Sunday, February 10, 2013

Make It Count

Yesterday I read a blog on the Huffington Post that managed to annoy me for the entire day, Ann Brenoff's "Midlife Ramblings: What I Don't Get About My Childless/Childfree Young Friends." It started out just fine: a couple anecdotes about young people Ms. Brenoff had recently encountered who expressed an interest in possibly not having children and her surprise at learning this. It then teetered into the well-trod territory of the economic woes of not having a birth rate above the replacement rate. Even here Ms. Brenoff caught herself before she started blaming the childfree for problems her generation will have funding Medicare and Social Security, asserting "even I am not that selfish."  But then, with this, she fell off the cliff:
Parenting, in my opinion, also presents us with the best opportunity to have our days on Earth count for something: Producing a child who can make us better as a civilization, turn us into a kinder and gentler nation. It is our last best-chance to make a difference and answer the question of why we are here. And no, we are not here to simply try every hip new restaurant or tweet about what we watch on TV.
There are three fundamental problems with this assertion. The first is the (terribly American) underlying assumption that life is supposed to "count" for something at all, a belief system I have struggled with before on this blog here. But even if I generously allow Ms. Brenoff this, I must dissent when it comes to her subsequent assertion that kids are the answer. After all, I could make a persuasive argument the guy who makes the coffee at Peets is in the running for the job with "the best opportunity to have our days on Earth count for something." Ms. Brenoff should really take a look at Gateway Women's Gallery of Childless and Childfree role models to get a sense of the breadth of ways women without kids are making their days on earth "count." And why do you have to produce a child to make us "better, kinder, gentler." Isn't that our personal responsibility first?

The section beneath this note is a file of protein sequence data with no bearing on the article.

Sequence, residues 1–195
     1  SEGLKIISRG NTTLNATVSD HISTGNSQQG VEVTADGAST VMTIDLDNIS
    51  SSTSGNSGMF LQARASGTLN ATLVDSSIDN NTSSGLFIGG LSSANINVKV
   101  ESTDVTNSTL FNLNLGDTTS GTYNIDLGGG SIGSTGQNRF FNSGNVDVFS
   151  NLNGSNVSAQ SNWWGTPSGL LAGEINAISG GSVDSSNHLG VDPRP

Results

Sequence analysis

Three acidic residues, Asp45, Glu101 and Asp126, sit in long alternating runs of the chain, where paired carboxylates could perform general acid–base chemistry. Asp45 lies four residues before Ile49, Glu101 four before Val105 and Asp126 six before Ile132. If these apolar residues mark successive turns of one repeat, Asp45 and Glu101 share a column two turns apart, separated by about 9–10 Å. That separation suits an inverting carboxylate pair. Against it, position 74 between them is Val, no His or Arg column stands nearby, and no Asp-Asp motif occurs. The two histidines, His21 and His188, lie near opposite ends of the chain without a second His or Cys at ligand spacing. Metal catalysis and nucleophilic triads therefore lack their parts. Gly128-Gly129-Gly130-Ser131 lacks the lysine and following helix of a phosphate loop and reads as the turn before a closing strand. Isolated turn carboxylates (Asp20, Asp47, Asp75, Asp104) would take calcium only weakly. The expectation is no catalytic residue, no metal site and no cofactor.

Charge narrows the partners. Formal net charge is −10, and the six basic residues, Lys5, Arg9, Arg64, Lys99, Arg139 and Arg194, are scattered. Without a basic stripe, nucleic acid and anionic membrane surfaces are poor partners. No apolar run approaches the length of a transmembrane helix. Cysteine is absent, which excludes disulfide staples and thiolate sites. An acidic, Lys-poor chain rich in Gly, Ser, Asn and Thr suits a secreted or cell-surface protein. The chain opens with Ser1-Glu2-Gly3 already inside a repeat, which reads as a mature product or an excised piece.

But the real problem, the problem that would have rendered the previous two null and void if it didn't exist, is that Ms. Brenoff chose to use the word "us" in this paragraph. If she simply would have said that she believed parenting was HER best opportunity to have HER days on earth count for something, I would have read the article, respected her opinion and choices about her own life, and carried on annoyance-free with the rest of my day.

Monday, January 28, 2013

No Regrets

This blog has been languishing for two reasons. First, the happy one: I have been busy getting my book, Americashire: A Field Guide to a Marriage, ready for publication in April. I could and undoubtedly will write more blog posts on this. But the blog post I have been avoiding writing is about what else has been going on in my life, namely being diagnosed with multiple sclerosis.